The U.S. Postal Service has been caught for years in a lose-lose situation. It's supposed to be an autonomous, self-sufficient agency, yet Congress limits its independence by demanding the impossible. The Postal Service is somehow supposed to cope with rising pension obligations, increased private competition and a reduced customer base — the Internet has largely replaced the written letter and printed invoice — but is not allowed to bring in new revenue or cut services.
The final financial straw was a 2006 law requiring the Postal Service to pre-fund retiree health benefits 75 years into the future at a cost of more than $5 billion a year. The aggressive payment schedule was based not on any actuarial analysis of what the true costs would be but on a formula devised for the entire federal government. And no other agency, private or public, is saddled with such a mandate.
Congress should make up its mind: Either it wants the Postal Service to be a government agency under its thumb, which would require federal subsidies, or it wants a self-sustaining operation, in which case it has to loosen its micromanaging grip.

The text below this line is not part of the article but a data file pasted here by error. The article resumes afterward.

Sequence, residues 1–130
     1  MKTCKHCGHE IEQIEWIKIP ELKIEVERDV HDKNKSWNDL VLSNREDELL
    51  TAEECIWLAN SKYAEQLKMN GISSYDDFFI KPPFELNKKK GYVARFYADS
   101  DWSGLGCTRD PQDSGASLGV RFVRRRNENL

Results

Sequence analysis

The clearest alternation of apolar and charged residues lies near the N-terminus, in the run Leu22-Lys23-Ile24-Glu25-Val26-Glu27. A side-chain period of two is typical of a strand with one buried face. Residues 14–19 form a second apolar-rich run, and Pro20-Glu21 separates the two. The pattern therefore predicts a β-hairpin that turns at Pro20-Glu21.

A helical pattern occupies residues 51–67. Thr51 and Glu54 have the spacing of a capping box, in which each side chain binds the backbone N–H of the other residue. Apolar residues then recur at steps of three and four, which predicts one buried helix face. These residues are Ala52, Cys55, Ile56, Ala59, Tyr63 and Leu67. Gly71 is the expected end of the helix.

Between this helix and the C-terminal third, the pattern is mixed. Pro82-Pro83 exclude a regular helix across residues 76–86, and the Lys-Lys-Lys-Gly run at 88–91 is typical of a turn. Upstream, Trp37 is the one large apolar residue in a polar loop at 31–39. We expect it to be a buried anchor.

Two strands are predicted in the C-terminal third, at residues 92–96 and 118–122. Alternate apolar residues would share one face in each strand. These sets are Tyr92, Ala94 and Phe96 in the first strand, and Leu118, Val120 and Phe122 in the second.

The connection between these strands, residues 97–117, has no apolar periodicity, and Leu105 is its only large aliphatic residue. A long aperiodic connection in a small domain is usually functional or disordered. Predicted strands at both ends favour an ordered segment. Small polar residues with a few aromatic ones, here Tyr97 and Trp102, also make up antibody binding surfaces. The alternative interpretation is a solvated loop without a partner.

A bill in the U.S. Senate would cut a path in the latter direction, giving the Postal Service more autonomy, though not as much as postal officials would like. The Postal Reform Act of 2013, S 1486, by Sens. Thomas R. Carper (D-Del.) and Tom Coburn (R-Okla.), would allow agency managers to renegotiate pensions for new employees and to base funding of retiree health plans on the demographics of employees.
The legislation would give the agency authority to provide new services, such as selling fishing licenses or acting as an identification-verification service for people who want to do online business with the federal government. It would be allowed to sell a wider range of retail items and to ship alcoholic beverages.
Postal officials could suspend Saturday mail service if, after a year, they find that efforts to raise revenue have not worked. They would also have somewhat more freedom to set rates, but there would be a regulatory mechanism for appealing increases to a federal board.